on the rear platform to signal the train follow
ing, and escaped with a.- fractured leg.
Chichester quit his booth and climbed out of
the cut with many of the passengers. When
found later at the Prospect Park station he said
that he did not see the stalled train owing to the
heavy weather.
The crews of both trains were arrested.
BIG STRIKE IN FRISCO.
Sixteen Hundred Laborers on Street
Railways to Quit.
(By Telegraph to The Tribune. I
San Francisco. July 29. — One of the most seri
ous strikes that the city has had since the fire
will ocour to-morrow morning, when 1,600 un
skilled laborers employed by the United Rail
roads will quit work. This will stop all recon
struction work on the street railroads, as the
leaders declare they will prevent any one from
working, and previous experience has shown
that the city authorities will give no aid In
stopping violence.
This strike is the result of efforts of labor
unions to form a union of those Ignorant, un
skilled laborers, a large part of whom are Greeks
and Italians, who cannot speak a word of Eng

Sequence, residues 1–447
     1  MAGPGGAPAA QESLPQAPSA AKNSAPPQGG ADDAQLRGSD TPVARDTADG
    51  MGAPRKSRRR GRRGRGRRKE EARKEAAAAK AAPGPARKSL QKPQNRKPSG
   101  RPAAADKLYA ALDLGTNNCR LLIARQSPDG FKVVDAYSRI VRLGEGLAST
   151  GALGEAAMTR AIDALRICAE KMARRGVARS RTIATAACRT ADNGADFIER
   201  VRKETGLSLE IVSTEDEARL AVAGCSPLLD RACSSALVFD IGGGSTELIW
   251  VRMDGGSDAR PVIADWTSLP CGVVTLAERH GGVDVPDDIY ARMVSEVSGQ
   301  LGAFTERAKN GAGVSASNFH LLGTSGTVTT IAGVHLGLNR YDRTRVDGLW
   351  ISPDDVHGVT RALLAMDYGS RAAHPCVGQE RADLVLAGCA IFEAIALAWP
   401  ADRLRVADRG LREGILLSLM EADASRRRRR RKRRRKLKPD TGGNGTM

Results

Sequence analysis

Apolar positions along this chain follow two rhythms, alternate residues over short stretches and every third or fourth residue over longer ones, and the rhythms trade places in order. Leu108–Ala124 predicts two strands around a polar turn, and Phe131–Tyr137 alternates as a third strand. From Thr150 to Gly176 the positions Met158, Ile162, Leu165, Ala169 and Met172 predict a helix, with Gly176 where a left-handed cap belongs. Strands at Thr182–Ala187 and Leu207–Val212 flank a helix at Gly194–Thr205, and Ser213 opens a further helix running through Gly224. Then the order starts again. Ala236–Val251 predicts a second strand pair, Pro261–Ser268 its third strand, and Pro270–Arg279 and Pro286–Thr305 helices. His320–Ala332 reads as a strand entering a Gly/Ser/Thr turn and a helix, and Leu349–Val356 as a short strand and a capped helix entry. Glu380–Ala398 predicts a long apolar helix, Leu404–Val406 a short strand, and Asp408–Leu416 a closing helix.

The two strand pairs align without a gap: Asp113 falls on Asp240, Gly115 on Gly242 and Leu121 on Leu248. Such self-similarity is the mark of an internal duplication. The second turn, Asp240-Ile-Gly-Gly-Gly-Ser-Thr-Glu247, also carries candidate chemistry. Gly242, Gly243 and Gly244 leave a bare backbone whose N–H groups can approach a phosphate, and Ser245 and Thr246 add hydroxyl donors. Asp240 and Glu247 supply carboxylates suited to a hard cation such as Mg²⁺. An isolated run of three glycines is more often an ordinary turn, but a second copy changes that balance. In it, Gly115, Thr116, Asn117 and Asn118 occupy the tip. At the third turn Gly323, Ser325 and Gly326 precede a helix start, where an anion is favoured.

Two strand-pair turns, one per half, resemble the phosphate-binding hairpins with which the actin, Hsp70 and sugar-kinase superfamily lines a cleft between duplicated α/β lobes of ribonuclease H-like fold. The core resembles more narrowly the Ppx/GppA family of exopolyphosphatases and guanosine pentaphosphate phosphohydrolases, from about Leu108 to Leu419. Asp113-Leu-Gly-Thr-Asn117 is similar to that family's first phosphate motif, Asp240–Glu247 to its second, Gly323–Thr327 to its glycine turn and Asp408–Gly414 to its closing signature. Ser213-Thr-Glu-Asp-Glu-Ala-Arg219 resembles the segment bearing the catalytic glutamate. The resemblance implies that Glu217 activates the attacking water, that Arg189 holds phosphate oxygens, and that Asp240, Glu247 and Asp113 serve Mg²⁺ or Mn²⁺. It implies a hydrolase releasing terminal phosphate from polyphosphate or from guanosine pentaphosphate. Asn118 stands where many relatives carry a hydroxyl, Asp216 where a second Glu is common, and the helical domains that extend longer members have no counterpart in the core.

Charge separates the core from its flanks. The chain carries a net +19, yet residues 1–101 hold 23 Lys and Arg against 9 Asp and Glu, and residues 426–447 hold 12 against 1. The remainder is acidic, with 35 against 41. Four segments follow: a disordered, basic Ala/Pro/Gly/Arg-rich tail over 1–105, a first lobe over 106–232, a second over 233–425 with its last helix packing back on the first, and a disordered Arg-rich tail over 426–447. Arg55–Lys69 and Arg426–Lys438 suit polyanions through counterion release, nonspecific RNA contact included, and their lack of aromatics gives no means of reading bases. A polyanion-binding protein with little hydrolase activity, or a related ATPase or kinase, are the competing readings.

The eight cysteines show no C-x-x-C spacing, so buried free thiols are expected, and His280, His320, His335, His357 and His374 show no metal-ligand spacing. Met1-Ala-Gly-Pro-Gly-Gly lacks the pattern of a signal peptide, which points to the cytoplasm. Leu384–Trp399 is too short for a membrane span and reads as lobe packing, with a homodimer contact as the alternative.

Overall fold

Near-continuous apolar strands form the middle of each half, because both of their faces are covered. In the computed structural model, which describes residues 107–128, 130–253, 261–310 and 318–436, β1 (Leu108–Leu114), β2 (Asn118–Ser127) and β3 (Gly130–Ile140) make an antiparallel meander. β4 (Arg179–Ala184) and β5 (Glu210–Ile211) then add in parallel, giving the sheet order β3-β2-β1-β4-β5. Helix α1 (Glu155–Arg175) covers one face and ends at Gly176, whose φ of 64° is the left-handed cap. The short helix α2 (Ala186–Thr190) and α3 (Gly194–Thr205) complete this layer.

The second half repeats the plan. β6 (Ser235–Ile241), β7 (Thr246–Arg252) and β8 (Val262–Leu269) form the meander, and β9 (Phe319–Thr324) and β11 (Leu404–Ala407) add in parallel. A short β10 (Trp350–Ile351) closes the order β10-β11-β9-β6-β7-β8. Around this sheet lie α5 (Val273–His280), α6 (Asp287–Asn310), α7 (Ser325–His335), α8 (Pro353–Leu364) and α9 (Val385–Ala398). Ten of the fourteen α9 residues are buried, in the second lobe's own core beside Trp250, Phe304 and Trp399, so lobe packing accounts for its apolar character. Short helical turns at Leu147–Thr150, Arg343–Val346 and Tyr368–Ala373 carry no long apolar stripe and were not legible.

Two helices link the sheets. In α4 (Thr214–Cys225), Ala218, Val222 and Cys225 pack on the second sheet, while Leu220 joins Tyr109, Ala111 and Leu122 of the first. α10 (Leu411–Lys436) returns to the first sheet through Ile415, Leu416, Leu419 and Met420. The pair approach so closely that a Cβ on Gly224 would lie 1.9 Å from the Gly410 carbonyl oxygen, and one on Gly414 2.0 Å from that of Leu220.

lish and whose living expenses are less than 50
cents a day. About one thousand of these men
belong to labor unions formed during the last
two weeks.
The United Railroads discharged about one
hundred employes who were annoying the men
who were not in the union. The union de
manded the reinstatement of these men, which
was refused. The organisation then demanded
not only restoration but the unionizing of the
whole force and an advance In pay or it would
call out the whole gang. It demanded $2 50 for
unskilled labor and $3 90 for pavers for eight
hours. Unskilled laborers had been getting from
$1 90 to $2 and pavers $2 50 for ten hours. The
United Railroads will refuse any terms. stop
page of work on the railroad* will be a great
hardship to the people, as every new line opened
means quick communication far thousand*,.... ,. :
PIERCE KEEPS TKOPRY.
UP DFX TOUR AWARD.
Darning Friz, tn KrUey -Hill
Climbing Contest To-day.
[By Telegraph to Th* Tribune. 1
Bretton Woods, N. 11., July £o.— Percy Pierce
retains the Glldden trophy by virtue of right, as
twelve other cars tied' him in the lons run. but
did not beat him. K. F. Kelsey wins the Deming
trophy, as Augustus Post, who tied him. -with
drew after the finish. Mr. Post had been pro
tested for coming Into Ellsabethtown by a short
course.
The victory of Mr. Pierce, tn a Pierce car, was
"honestly won, for of the three Pierce cars start-
Ing all finished with perfect scores. The tourists
received the cars to-day, and scores started for
New York and Boston.
Hundreds remain here, and over a hundred
cars are quartered at Bretton "Woods to-night
preparatory to the hill climbing contest up
Crawford Notch to-morrow, for which forty-six
entries have been made in the ten events.
■ Many car* came to grief in practice work on